By naming Micah and citing Mi 3:12 the book of Jeremiah (Jer 26:18) provides an explicit example of the reception of older prophetic texts and traditions in later compositions. In addition, Jer 26:18f. also offer a historical setting for Micah’s activity—the time of Hezekiah and most probably the events of 701 BCE. The paper argues that the literary history of the book of Micah substantiates the assumption of an early Micah composition originating from the late 8th century BCE and discusses the extent, structure, and pragmatics of the composition which comprises Mi *1:5-3:12. Focussing on the situation of the eminent Assyrian threat, Micah uses the the fate of Samaria as a rhetorical device in order to persuade his Judean addressees of his message. In doing so, Micah not only displays a familiarity with North Israelite prophetic traditions, the composition also adopts compositional elements and rhetorical strategies found in Hosea and Amos.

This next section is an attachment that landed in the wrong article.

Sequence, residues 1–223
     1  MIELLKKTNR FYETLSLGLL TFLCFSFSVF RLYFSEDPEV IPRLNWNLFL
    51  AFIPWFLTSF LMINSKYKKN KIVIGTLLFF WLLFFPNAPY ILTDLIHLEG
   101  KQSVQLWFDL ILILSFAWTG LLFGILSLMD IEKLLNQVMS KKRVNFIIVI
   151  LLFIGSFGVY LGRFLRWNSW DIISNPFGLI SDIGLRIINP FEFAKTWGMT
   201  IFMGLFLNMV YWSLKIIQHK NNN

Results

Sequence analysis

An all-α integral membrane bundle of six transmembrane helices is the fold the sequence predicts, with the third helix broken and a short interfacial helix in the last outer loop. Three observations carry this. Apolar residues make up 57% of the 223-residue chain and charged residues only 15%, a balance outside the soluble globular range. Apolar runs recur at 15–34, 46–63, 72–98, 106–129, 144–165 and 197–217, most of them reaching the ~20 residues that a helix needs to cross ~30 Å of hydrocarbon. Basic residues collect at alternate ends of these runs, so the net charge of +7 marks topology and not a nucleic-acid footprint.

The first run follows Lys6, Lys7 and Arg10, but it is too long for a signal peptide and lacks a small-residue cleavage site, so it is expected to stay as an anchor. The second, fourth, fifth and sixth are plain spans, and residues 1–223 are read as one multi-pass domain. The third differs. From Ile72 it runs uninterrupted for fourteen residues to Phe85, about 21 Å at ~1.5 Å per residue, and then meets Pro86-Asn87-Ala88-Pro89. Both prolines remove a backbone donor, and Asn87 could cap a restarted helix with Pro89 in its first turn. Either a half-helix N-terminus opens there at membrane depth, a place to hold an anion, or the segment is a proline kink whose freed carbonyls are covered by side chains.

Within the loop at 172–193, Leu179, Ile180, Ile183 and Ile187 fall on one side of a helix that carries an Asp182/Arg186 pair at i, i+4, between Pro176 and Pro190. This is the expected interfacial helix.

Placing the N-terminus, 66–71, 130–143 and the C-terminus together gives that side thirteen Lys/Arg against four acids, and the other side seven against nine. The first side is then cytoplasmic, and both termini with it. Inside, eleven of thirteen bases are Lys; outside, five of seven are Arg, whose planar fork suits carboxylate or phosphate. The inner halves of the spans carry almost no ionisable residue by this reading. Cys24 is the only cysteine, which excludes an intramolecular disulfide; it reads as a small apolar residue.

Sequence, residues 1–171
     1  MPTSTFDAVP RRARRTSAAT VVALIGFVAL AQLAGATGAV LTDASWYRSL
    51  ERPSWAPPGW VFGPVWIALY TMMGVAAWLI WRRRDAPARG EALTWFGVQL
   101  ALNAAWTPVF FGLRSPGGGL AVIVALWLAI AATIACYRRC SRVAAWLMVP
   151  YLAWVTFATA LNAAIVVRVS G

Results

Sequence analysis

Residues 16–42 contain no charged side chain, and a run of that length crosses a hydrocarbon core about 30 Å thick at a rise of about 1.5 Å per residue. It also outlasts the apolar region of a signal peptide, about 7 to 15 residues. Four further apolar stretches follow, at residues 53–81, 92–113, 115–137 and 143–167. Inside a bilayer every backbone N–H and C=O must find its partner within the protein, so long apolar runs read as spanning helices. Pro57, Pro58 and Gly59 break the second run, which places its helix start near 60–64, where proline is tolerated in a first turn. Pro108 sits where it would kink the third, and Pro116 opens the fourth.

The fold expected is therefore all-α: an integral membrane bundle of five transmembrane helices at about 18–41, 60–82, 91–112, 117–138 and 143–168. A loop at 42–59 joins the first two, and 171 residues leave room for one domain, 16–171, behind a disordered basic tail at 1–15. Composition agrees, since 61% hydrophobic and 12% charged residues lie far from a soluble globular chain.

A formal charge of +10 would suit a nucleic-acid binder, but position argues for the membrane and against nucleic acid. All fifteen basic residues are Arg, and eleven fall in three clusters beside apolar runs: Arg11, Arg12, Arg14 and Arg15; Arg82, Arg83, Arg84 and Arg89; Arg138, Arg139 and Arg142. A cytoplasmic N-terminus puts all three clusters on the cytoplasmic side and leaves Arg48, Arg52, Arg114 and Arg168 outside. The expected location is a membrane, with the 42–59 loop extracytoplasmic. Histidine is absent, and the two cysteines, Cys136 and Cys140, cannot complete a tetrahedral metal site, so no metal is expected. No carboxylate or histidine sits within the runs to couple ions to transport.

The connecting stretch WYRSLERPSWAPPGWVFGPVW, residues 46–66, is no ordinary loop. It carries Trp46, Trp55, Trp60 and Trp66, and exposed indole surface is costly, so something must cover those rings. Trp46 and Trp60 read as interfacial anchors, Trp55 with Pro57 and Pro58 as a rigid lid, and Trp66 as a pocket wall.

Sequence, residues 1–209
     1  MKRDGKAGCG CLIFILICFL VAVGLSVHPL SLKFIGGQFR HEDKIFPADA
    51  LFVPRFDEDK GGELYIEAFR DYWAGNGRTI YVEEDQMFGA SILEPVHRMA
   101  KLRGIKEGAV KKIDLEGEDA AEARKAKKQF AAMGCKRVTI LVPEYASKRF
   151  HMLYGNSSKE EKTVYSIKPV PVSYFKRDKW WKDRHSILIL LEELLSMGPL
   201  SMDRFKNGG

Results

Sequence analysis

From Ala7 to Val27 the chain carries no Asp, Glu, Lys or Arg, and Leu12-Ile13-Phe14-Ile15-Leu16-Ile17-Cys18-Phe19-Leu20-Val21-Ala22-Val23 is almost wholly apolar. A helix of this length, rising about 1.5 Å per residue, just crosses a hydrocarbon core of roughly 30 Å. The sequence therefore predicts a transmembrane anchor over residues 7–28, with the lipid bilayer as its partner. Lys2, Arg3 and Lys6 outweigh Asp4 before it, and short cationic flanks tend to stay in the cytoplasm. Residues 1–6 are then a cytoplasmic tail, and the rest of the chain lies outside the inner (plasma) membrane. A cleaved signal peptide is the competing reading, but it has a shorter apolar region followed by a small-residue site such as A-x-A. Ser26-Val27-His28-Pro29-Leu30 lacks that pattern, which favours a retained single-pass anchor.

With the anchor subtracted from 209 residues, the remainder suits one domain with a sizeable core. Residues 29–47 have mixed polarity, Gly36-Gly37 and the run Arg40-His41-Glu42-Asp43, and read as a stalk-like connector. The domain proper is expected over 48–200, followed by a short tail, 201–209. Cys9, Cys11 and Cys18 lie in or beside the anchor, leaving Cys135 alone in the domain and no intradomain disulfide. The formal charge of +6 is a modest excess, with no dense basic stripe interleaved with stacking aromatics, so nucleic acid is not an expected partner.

As the product of a textual community imbedded in an oral culture, the War Scroll can be rewardingly approached as a composition intended for a community of hearers. Indeed, this article demonstrates that 1QM retained an orally fluid textuality and preserves a variety of textual indicators of performativity: hints of oral engagement, accumulation of imitable practices, and reliance on rhetorical techniques suited to the ear. In examining the performative potentials in the War Scroll’s prescriptive (cols. 1–9), prayer (cols. 10–14), and dramatic (cols. 15–19) material, I argue that 1QM can be understood as a spoken text, one which lends itself to performance and embodiment.
A consideration of both the palaeographic and material features of a scroll provides scholars the opportunity to investigate the scribal culture in which a particular manuscript emerged. This article examines the papyrus opisthograph from Qumran containing 4QpapHodayot-like Text B, 4Q433a, and 4QpapSerekh ha-Yaḥada, 4Q255, on either side. There has been scholarly disagreement about this opisthograph with regard to a number of questions: (1) which of the two compositions was inscribed on the recto, (2) how the two compositions should be dated, and (3) which of the two texts was written first. This article looks at both compositions by means of palaeography and codicology. From this combined approach I deduce that 4Q433a was written first, on the recto of this papyrus manuscript. 4Q255 was added later, on the verso. Both compositions can be dated to the early first century BCE. This reconstruction makes it plausible that 4Q255 was a personal copy.